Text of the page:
Friday, October 29, 2010


Archie Jughead Monster

Well, the Halloween weekend is finally upon us! A couple days ago I posted my recommendations for perfect Halloween viewing, but I realized I left some good choices out. So with this post I hope to rectify that.

I also thought it might be great to embed trailers or clips from some of the movies mentioned in Wednesday’s post for which I only provided hyperlinks. Just trying to make things easier for all of you!

Anyway, no Halloween is complete without Bela Lugosi and Vincent Price – I’ll watch just about any of their movies at any time – but here I’ll just point out a few you may want to check out:

BELA LUGOSI: Most folks are familiar with the tale of “poor Bela.” Hungarian matinee idol of stage and silent screen emigrates to America and lands iconic role of “Dracula.” Appears in a few bona-fide classics thereafter including “White Zombie,” “The Black Cat,” “Son of Frankenstein,” “Island of Lost Souls,” “The Wolf Man” and of course, “Abbott & Costello Meet Frankenstein”… but appears in double (maybe triple) the amount of less-than-classic cheapies for “poverty row” outfits including Monogram, PRC and Ed Wood. Bela holds the record as the boogeyman that appeared in the most horror-comedies, so he’s “Scared Silly” royalty. Some of his films I really like are:

“The Devil Bat”: a PRC low-budget classic. So bad it’s good in spots… but actually pretty good in spots as well. Very entertaining, with some laughs as well (some intentional and some not). A scientist (Bela) specializing in perfumes sells out his share of the royalties in exchange for upfront payment and then gets ticked when everyone else in the company gets rich off their profits. He breeds giant bats (that look more like turkeys crossed with vultures) trained to kill when they smell a particular scent – which Bela somehow manages to dab on each of his victims! Arthur Q. Bryan – the original voice of Elmer Fudd has a role.

“The Corpse Vanishes”: this time Bela is set adrift in a Monogram cheapie. This one is totally loopy – Bela is a mad scientist that sleeps in matching coffins with his equally creepy wife (Elizabeth Russell). Oh, and the corpses that keep vanishing are the brides who keep kicking the bucket at their weddings. Bela is draining their fluids to keep his wife young. I think Ralph Kramden was considering doing the same for Alice (can you blame him)? Also features one of Hollywood’s most towering yet diminutive talents, dwarf actor Angelo Rossitto – a favorite Lugosi sidekick.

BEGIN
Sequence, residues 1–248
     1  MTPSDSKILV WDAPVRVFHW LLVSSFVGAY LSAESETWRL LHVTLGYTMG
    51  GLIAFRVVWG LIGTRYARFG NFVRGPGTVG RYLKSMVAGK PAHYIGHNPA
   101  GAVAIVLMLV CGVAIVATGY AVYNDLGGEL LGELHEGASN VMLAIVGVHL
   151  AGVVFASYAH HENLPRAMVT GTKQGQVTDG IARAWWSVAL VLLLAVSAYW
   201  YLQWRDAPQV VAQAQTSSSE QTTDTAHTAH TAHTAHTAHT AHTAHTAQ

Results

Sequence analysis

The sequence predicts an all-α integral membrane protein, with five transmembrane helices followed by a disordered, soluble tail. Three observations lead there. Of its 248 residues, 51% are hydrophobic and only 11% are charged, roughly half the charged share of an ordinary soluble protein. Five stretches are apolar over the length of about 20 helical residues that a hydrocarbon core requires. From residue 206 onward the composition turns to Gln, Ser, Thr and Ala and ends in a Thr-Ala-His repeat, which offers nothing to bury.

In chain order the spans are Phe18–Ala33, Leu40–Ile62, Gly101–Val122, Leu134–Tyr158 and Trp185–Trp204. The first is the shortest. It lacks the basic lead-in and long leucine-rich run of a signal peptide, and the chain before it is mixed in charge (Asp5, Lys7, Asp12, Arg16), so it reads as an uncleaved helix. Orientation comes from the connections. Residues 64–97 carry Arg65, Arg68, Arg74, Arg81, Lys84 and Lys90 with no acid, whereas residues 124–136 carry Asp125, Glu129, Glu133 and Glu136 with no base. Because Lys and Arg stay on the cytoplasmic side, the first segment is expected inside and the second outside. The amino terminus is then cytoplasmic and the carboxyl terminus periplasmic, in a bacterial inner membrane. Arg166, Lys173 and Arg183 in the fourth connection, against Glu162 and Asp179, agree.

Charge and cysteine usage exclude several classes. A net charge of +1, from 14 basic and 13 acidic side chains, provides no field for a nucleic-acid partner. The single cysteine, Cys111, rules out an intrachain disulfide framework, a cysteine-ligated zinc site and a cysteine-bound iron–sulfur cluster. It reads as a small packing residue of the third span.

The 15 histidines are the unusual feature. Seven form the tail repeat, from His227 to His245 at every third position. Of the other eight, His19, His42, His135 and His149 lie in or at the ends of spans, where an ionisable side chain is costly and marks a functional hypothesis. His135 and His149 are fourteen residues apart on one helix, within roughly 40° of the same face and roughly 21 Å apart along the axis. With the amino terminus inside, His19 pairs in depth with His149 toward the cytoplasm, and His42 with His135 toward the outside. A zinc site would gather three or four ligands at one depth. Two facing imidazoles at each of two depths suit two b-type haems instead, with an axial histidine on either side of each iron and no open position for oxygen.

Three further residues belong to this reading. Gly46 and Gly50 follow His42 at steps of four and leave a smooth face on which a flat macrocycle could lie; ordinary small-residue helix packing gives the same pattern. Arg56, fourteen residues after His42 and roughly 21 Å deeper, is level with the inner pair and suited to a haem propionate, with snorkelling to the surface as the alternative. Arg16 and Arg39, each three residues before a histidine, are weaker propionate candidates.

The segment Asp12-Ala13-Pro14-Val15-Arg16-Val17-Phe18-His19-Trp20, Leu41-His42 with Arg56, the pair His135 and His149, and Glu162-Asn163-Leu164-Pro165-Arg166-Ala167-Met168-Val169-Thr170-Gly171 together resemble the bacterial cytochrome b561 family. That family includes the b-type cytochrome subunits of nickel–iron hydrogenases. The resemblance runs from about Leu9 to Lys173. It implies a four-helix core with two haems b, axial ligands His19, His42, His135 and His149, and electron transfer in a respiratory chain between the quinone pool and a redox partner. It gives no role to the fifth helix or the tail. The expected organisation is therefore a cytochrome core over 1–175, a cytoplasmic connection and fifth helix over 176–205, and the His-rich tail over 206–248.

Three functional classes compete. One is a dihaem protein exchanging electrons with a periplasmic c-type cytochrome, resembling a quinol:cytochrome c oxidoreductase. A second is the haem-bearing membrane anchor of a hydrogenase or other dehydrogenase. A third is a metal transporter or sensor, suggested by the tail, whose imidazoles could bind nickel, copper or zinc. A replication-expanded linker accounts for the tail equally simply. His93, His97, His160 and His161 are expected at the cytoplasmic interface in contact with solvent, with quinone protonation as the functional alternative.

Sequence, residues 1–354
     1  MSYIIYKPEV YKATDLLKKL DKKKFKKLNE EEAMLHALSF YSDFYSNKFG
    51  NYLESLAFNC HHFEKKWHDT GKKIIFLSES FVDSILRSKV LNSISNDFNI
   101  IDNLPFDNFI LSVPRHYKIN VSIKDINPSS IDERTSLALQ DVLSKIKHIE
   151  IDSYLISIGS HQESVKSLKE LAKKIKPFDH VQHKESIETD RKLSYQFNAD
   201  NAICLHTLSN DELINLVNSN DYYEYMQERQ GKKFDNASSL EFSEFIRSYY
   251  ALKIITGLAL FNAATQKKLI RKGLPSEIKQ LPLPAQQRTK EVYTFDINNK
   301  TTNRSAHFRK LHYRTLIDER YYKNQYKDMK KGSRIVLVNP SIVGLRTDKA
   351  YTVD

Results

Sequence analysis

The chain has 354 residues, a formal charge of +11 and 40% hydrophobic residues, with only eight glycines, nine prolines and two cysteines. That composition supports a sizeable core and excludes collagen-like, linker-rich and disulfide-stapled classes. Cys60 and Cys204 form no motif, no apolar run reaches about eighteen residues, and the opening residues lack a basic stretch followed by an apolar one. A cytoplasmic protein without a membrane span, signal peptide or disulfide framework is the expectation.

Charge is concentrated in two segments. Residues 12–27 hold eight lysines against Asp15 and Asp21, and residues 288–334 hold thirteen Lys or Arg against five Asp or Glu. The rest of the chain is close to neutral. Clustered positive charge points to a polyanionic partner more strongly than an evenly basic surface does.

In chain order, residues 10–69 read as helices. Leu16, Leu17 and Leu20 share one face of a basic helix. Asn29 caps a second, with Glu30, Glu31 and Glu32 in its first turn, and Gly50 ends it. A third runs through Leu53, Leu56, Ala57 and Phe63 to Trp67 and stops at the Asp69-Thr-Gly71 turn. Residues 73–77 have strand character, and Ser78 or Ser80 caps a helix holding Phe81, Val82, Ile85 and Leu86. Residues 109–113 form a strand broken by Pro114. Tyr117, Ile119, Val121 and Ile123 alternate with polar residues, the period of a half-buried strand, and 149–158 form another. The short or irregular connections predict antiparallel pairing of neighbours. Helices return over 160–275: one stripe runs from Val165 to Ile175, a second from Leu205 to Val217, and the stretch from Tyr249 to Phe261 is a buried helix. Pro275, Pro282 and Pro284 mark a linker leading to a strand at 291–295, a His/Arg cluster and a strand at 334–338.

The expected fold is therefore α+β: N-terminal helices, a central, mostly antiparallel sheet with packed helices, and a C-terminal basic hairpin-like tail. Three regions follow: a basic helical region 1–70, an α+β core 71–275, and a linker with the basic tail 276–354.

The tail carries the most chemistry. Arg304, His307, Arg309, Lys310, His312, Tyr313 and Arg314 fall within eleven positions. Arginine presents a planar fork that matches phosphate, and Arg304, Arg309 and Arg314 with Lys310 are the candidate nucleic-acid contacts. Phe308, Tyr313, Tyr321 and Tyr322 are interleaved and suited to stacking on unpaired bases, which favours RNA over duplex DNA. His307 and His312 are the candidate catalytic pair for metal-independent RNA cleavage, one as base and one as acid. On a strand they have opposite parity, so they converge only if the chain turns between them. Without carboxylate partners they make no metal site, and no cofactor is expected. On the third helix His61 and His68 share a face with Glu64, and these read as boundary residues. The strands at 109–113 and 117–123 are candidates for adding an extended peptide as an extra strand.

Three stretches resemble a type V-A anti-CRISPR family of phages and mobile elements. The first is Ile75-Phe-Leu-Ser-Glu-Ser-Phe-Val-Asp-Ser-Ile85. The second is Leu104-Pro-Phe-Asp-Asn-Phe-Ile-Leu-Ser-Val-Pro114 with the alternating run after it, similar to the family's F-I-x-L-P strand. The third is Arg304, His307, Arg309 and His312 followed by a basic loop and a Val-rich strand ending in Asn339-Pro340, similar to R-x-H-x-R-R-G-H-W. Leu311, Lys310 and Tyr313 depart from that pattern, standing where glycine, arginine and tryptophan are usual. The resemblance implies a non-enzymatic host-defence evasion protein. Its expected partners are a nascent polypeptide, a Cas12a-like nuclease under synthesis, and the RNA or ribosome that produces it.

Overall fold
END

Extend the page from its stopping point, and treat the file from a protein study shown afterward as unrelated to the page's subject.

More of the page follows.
“Return of the Vampire”: this wartime programmer gets short shrift from a lot of folks but I consider it quite effective. Lugosi is Count Tesla, not Dracula – but only because the studio is Columbia, not Universal. Matt Willis plays a talking werewolf cursed by Tesla and under his control. The film offers some flips to the Dracula formula – a female Van Helsing-like character (Frieda Inescort) for one, and a (then) present-day setting of war-torn Europe, with bombs dropping amidst the gothic melodrama. Silent comedy film star Billy Bevan gets a comic relief turn as a gravedigger.

VINCENT PRICE. What can I say about Vincent? I already said quite a bit in this post as well as these reviews of his films with Peter Lorre. Vincent was one of a kind. His films remain as entertaining as ever whether Vinnie’s playing over the top, restrained or somewhere in-between. Here are a few fun Price flicks to check out:

“The Bat”: another film that is not highly regarded by most. I admit it is alternately creaky and too television-esque in spots and can see how it appeared “old hat” when it was originally released but there’s still something fun about it. It is derived from one of the great “terror templates” which I spoke about extensively here – the Mary Rheinhart Roberts play “The Bat,” with a little “Seven Keys to Baldpate” thrown in for good measure. Someone is masquerading as a bat and picking off folks staying at an old mansion… and the guests include Agnes “Endora” Moorehead and Darla “The Little Rascals” Hood! Sizzling tremelo electric guitar over the title credits, too!

“The Tingler”: William Castle’s classic. Dr. Vinnie sets out to prove that a lobster-like creature on everyone’s spine can strangle everyone to death whenever they’re scared… unless they scream which makes the creature break its hold. The seats in the theaters were rigged to vibrate at key moments. Other highlights: Vinnie drops acid to see how scared he can get (assumed to be one of the first movie “trips” ever), a mute woman is induced to horrifying hallucinations in which every faucet drips blood red (the only color in this otherwise black and white film), and the Tingler eats through the film and breaks loose into the audience at the silent movie screening (did it have to buy a ticket)?

“The Abominable Dr. Phibes”: Horribly disfigured from a car accident but believed to be dead, Vinnie as the title character seeks to avenge his wife’s death... she mortally injured in the same car crash. Nine doctors worked in vain but failed to save her life. Now Vinnie will visit the curses of the Pharoahs upon each for one ghoulish death after another. With a beautiful female assistant to boot (you think he’d be more interested in this living beauty at this point). Amazing color schemes, wry dark humor, art deco designs, fantastic music, profound acting from Price using primarily his eyes and a top supporting cast that includes Joseph Cotten and Terry-Thomas.

As promised, here are trailers and clips from some of the films I highlighted in the previous post:


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